The Confession


Pietro Longhi, The Confession

“Forgive me, Father, for I have sinned.”

“Amen. And how long has it been since your last confession, child?”

“Umm…twenty-some years? ”

“Well, that’s a long time, but still, it’s a good thing you came. How can God lift your burden?”

“Father, I ate at Wendy’s today. And I LOVED it.”

“I don’t understand, my child?”

“I’m not supposed to be eating at Wendy’s.”

“It’s not one of the commandments…”

“I’m trying to lose weight.”

“Ah! Gluttony.  You were guilty of gluttony.”

“Well…not exactly.”

“What do you mean?”

“You see, I knew for a fact that I had 400 calories left over for dinner. I have class right after work on Monday, and I have to drive from work to class, so basically I have an hour window where I can eat dinner on campus.”

“Campus food options are delicious and wrong.  So I think all day about what I’ll be able to eat before class that will count as dinner. I put the dinner food on my calorie counter and see how it’s going to affect my daily bottom line.”

“You could have brought dinner with you?”

“There’s nowhere to heat it up. Anyway, so there are food trucks, pretty much, which is hell.  Last week I was able to choose a  delicious, delicious, healthy, soup-y, chicken-y Vietnamese pho.  But you see, they give you a 32-oz container, which is basically 700 calories.  So you need to be able to eat only half of that.  Have you ever tried eating only half your pho, father? And then throwing away the rest?  While people quietly judge you? And you think about how much waste it is because you’ve been brought up in a siege mentality, in a culture that continuously forces you to eat and eat, but only if you’re not vegetarian?”

“Well, no but-”

“It was immensely hard.  But I did it.  I only ate half of the container. And I still felt full.”

“Good for you, my child-”

“But then I realized if I kept doing pho, at some point I would just go crazy and eat all of it. Because people can’t control portions:”

“So for this week, I needed an alternative.”

“Go on, my child.”

“So I was initially going to have a slice of pizza and a side salad, which would have been fine.  But then, right as I turned the corner. There it was.”

“Wendy’s.”

“Bingo!”

“And it lured you in?”

“Yes. I could feel it taunting me.  So there I am, trying to calculate calories for different things on my smartphone even as I’m going into the den of evil.  I was initially going to get 10 Chicken Nuggets, but decided that a kids’ meal of a chicken sandwich and apple slices would be just as well, and I’d get a fruit serving.”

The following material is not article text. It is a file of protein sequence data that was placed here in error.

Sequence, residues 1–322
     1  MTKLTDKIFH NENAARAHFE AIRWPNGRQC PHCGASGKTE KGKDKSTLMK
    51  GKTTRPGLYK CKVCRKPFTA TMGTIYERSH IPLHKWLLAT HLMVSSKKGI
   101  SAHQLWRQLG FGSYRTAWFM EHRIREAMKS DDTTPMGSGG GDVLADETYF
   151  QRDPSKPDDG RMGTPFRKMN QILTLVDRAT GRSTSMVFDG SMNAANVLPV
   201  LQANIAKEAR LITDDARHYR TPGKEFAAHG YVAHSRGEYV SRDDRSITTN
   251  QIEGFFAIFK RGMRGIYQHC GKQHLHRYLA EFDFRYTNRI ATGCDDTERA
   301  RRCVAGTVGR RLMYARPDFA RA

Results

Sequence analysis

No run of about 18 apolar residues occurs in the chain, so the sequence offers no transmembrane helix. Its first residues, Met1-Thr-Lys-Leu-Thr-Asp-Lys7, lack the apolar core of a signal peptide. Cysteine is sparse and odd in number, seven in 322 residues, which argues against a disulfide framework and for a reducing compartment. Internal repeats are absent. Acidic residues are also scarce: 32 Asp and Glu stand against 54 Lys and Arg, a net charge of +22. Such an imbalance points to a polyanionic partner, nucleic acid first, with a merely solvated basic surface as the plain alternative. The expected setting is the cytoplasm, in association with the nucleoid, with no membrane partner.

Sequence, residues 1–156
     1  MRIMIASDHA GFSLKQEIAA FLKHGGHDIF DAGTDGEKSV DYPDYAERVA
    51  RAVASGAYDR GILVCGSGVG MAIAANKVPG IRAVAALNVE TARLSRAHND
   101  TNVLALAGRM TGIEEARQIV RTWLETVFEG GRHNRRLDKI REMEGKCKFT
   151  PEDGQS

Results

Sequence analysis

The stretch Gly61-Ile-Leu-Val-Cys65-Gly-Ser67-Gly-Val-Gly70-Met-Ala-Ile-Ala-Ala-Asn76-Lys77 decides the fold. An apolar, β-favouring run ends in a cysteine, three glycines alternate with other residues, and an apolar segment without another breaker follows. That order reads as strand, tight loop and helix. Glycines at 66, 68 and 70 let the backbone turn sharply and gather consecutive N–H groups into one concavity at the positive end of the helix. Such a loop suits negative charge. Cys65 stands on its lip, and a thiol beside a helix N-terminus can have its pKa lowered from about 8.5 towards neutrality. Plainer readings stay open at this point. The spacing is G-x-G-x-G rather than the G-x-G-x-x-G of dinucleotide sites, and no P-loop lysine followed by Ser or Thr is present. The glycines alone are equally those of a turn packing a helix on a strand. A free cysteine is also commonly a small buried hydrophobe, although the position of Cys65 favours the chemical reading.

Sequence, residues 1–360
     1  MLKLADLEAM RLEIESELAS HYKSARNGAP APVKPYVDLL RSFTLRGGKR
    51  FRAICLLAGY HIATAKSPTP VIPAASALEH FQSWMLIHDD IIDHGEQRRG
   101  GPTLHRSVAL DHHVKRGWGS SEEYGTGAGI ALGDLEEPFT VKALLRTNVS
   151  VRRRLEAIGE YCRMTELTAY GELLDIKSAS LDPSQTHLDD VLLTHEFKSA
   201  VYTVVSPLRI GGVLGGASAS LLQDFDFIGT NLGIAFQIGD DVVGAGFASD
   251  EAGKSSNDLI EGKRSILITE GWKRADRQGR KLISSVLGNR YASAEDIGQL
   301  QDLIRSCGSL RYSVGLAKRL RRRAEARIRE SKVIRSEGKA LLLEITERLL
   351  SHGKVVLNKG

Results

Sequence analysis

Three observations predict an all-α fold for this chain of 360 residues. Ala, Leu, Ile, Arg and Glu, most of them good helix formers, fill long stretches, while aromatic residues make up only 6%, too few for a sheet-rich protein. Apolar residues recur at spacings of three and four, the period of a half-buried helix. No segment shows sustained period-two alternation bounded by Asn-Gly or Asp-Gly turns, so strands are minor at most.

“Bravo!”

“Yeah, bravo.  So they bring me the sandwich, but they’re all out of apple slices.  I go sit down to eat my sandwich of shame and I notice they packed something extra in the bag. FRENCH FRIES. Instead of apple slices. Which I specifically asked them not to put in. ”

“And lead us not into temptation, but deliver us from the evil one.”

“Yeah, all that Matthew 3:16 kind of stuff.”

“So what did you do?”

“I ate four fries. And then I threw the rest of the bag away. But it was the slowest fry-eating I’ve ever done in my life. I sat there and I licked the salt off each fry.  Then I ate them bite by bite. It took me probably five minutes to eat each one of those things.  Because when you don’t eat fast food for a while and the you do, the craving is intense. Even halfway through the class, I’d eaten the sandwich, I was full, but I still kept remembering how good and fatty and salty and fried it was and I wanted five more.”

“Lust.”

“Well, not exactly. Ok, maybe lust. Not only did I want five more sandwiches, I wanted fries.  I wanted pizza covered with fries.  I wanted milkshakes with chocolate bonbons mixed in there.”

“Are you not eating at all?”

“No, that’s the whole thing! I actually am.  I feel much better, I’m eating better portions, and I’m eating better food.  And I even eat junk food sometimes and at least one dark chocolate square every day. But I miss eating whatever, whenever, wherever. I want a soft pretzel I could dip into frozen yogurt. I want unending qualities of peanuts. I want five bagels and-”

“Bagels?”

“Yes, everything and onion and the ones at Panera with the asiago cheese melted all over them and-”

“Catholics don’t eat bagels.”

“Who said I was Catholic?”

“What. You’re not Catholic? Why are you at confession then?”

“No, I’m Jewish.  I just really wanted to tell someone that’s not my husband, because he would totally judge me. and he’s kind of tired about hearing how I can only eat small portions of everything good now.”

“Not even God can help you, my child. I do know the number of a good psychiatrist.”